But if the events of recent weeks are any indication, this particular operation seems to have been less about terrorism and more about the national government’s security organs wanting to demonstrate their authority in an area of Mombasa that is largely controlled by thugs and petty criminals. The findings of a forthcoming population-based study on crime trends jointly conducted by the Mombasa County Government and the NGO Haki Africa confirm that petty crime is on the rise, while trust in the police is at an all-time low; residents in “hot spot” areas like Majengo are more likely to rely on each other for protection than they are the police.
This context makes it easier to understand why many of the people I have spoken to are adamant that the bulk of the weapons seized in the course of the mosque raids were planted by the police; as one person insisted: “don’t you think these ‘terrorists’ would have used the weapons against the police if in fact they were in their possession in the first place?”
For all the national debate about the incompetencies of Kenya’s intelligence and security actors in the face of actual violent attacks (Westgate 2013, Mpeketoni 2014, and now Mandera), the police are not lacking in audacity. While Mombasa’s top politicians met with the police commander on Monday, news came in that police were beating the twin brother of nineteen-year-old Ali, even as the family sought to make arrangements for Ali’s burial. And the raids continued: two more mosques, and 109 more arrests early Wednesday morning. At least three people, Christian and Muslim, died in reprisal killings.
Later on Wednesday, dozens of family members waited anxiously outside the courtroom at the Mombasa Law Courts, where the judge was expected to issue a ruling on the fate of those still in custody. The crowd was barred from entering, presumably because the room was full. Because of my affiliation with a local rights organization, I was permitted to enter. Glancing around the room, I quickly realized that it was filled to capacity not with members of the public, but with the defendants themselves, roughly fifty in number, some as young as twelve-years-old. They sat silently, dazed and sullen. By this point most had probably been locked up for well over forty-eight hours.
Once court was in sesssion, the judge read aloud the names of the defendants. As each one of them stood, I sensed fragments of dignity restored as they confirmed their identities. Among the Ahmeds, Mohameds, and Salims were Jacob, George, and Eric. Despite the media’s tacit acceptance of government claims that the suspects were Muslim radicals, not all were Muslim. And whether all these young men were ‘radical’ or not, as one person later commented, the national government simply needed to sufficiently scare the Kenyan public and its elected leaders to legitimize the country’s burgenoning defense budget.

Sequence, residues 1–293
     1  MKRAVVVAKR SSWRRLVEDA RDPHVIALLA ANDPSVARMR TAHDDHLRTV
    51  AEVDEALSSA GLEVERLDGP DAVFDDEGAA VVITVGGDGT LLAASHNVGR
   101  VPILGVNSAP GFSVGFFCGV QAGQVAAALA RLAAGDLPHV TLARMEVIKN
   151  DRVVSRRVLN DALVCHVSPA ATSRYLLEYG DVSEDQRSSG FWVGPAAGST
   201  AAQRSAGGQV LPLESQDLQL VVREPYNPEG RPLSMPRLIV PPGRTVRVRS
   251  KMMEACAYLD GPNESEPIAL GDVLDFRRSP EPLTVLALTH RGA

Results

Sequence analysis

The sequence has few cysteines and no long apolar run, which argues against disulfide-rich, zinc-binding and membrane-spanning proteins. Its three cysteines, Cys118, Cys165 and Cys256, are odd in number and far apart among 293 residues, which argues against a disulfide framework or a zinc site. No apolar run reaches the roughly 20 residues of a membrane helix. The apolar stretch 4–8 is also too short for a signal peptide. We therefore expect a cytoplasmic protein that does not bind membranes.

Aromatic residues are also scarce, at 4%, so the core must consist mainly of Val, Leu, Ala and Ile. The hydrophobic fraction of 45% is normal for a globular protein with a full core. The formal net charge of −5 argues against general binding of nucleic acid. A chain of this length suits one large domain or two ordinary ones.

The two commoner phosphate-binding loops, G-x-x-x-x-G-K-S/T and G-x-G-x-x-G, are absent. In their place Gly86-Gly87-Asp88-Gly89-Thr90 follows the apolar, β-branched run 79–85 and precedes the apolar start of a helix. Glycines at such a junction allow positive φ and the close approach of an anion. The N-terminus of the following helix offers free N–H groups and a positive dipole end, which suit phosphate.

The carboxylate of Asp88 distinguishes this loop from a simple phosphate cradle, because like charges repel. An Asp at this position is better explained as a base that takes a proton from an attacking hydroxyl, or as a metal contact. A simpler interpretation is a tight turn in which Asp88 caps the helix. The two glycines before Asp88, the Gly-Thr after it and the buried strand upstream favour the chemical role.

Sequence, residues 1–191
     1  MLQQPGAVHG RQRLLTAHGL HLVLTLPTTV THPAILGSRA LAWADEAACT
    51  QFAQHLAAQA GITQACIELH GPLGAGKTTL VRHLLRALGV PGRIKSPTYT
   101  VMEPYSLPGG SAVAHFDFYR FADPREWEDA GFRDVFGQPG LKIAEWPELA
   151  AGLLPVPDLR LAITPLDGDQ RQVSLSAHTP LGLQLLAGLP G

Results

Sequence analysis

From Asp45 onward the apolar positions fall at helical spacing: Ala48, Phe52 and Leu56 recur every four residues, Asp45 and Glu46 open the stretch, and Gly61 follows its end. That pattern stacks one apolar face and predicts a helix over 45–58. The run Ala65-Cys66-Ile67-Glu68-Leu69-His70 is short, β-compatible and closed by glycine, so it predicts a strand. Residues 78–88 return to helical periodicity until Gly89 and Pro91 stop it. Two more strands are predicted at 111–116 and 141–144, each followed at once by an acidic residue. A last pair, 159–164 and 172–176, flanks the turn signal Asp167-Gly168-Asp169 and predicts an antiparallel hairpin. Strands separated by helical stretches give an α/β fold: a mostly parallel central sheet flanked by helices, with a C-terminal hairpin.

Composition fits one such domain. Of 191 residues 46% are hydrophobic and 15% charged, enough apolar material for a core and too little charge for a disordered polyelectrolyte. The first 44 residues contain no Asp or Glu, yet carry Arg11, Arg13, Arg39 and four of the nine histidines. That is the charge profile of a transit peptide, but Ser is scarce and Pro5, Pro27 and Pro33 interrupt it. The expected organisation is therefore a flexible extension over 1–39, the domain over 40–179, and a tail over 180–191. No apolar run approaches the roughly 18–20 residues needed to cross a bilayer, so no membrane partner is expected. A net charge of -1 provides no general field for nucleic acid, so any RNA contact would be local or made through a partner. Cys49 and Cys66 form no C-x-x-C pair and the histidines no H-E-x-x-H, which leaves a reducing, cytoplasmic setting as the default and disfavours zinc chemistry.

The session came to an end once the judge granted additional time for the prosecution to pursue further investigations. Outside the court house, the families gathered under the shade of a tree for a report back from local leaders. They explained what decisions had been made and pleaded for their patience. But patience is hard to come by; what began as murmurs and whispers soon became loud expressions of frustration and despair. The bulk of the crowd began to disperse, making their way home filled with the same anxiety and uncertainty that they had come with.
As the police raids and the Mandera bus attack demonstrate, both the national government and Al-Shabaab knowingly feed the flames of religious conflict to serve their respective agendas; in the meantime, Kenya’s historically harmonious Christian and Muslim communities are left with the painstaking task of mending wounds and attempting to carry on with their lives.
Feature image via Reuters.
Samar Al-Bulushi is a PhD candidate at Yale University, currently based in Mombasa.